The HLT run very complex physics tests to look for specific signatures, for instance matching tracks to hits in the muon chambers, or spotting photons through their high energy but lack of charge. Overall, from every one hundred thousand events per second they select just dizaines of events and the remaining dizaines of thousands are thrown out.
This is achieved by a combination of different techniques which require a detailed online event reconstruction:
- Trigger: selecting interesting events based on detailed online analysis of its physics observables.
- Selection: selecting the Regions of Interests (interesting part of single events).
- Compression: reducing the event size by advanced data compression without any loss of the contained physic
The HLT system allows the number of collected events containing the physics signals of interest to be significantly increased.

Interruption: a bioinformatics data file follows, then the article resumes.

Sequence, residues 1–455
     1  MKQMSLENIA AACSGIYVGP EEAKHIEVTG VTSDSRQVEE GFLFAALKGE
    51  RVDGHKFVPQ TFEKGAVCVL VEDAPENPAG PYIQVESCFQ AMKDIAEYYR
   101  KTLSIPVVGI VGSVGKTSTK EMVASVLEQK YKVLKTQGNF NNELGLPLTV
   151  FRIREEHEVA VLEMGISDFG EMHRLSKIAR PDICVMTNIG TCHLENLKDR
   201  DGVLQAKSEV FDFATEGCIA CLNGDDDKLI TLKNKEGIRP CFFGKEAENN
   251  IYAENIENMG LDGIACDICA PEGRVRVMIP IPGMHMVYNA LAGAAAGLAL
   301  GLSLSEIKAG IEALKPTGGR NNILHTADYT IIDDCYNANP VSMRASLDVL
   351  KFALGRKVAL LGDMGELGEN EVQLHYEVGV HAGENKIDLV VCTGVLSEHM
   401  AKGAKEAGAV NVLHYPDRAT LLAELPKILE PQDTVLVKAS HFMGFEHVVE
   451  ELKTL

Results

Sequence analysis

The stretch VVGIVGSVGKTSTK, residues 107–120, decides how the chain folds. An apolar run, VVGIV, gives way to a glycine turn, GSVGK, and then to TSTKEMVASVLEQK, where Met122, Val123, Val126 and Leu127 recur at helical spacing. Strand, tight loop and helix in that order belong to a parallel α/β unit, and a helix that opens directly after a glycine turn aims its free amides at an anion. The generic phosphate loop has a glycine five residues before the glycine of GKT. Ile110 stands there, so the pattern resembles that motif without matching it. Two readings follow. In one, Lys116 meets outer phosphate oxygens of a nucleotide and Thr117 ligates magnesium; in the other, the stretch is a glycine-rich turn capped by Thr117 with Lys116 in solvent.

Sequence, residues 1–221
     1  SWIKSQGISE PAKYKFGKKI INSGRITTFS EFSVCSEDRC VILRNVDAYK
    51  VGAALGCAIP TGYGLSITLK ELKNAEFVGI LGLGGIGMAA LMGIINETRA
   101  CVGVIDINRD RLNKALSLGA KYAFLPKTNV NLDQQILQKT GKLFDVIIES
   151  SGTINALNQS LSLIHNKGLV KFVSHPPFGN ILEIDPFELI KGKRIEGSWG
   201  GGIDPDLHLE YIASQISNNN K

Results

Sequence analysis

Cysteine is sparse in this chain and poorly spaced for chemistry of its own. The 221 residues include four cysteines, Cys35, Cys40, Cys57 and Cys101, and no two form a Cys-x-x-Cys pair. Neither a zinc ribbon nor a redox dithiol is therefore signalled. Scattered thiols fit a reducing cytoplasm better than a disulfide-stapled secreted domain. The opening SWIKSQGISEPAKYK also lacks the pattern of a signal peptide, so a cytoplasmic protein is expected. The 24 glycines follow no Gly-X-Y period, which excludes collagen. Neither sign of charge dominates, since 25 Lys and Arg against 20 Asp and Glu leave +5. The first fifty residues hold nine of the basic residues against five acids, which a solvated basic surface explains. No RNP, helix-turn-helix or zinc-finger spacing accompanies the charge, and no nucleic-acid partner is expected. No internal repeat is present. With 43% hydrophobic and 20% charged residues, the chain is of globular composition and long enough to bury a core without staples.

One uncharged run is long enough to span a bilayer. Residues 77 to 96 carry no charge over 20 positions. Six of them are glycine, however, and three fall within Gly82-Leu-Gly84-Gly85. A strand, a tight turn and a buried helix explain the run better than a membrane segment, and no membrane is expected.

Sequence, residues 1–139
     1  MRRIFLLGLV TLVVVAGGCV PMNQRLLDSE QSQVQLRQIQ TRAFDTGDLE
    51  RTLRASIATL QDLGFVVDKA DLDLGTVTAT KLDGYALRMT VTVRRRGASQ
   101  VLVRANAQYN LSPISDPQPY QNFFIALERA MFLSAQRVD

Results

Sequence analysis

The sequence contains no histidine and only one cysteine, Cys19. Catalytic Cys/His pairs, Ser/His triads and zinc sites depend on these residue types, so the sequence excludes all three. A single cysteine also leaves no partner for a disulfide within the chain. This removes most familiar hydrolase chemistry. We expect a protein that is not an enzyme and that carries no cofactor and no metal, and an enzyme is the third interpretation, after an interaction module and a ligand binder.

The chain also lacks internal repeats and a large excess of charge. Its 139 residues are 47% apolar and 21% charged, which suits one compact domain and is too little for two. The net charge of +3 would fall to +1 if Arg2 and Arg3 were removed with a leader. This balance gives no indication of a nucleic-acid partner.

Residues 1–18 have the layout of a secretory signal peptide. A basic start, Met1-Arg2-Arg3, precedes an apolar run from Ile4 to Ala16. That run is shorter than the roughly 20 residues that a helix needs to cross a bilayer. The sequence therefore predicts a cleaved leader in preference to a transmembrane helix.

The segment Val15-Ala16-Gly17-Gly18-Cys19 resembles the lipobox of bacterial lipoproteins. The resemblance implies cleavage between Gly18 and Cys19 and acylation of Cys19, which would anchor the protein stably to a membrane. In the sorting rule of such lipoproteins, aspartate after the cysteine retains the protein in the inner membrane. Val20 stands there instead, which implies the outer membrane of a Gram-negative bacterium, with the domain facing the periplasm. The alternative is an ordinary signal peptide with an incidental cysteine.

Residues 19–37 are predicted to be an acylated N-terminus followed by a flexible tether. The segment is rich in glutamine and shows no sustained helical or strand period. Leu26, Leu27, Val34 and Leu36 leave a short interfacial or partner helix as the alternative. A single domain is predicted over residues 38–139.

The data from the detectors are read out in parallel according to the natural detector granularity. The detector data are shipped with optical links to the first processing layer where local pattern recognition is done. The results are forwarded to the following processing layers where a global pattern recognition (track finding and sector merging) takes place. The trigger decision is generated in the final layer.
For the online event analysis a powerful computing cluster with a few hundred computing nodes is needed. This cluster is built up of inexpensive standard components like ordinary PCs which are connected by a standard network.
The HLT-cluster is administered fully autonomously with the help of the Computer-Health-And-Remote-Monitoring (CHARM) card, which is plugged into the PCI-bus of the host-computer. It is a small single-board computer running Linux as operation system that can monitor and control the host computer. Connections to the CHARM card are possible via its own network for full remote control of the host system.
Read more about the ALICE HLT
More about the Alice HLT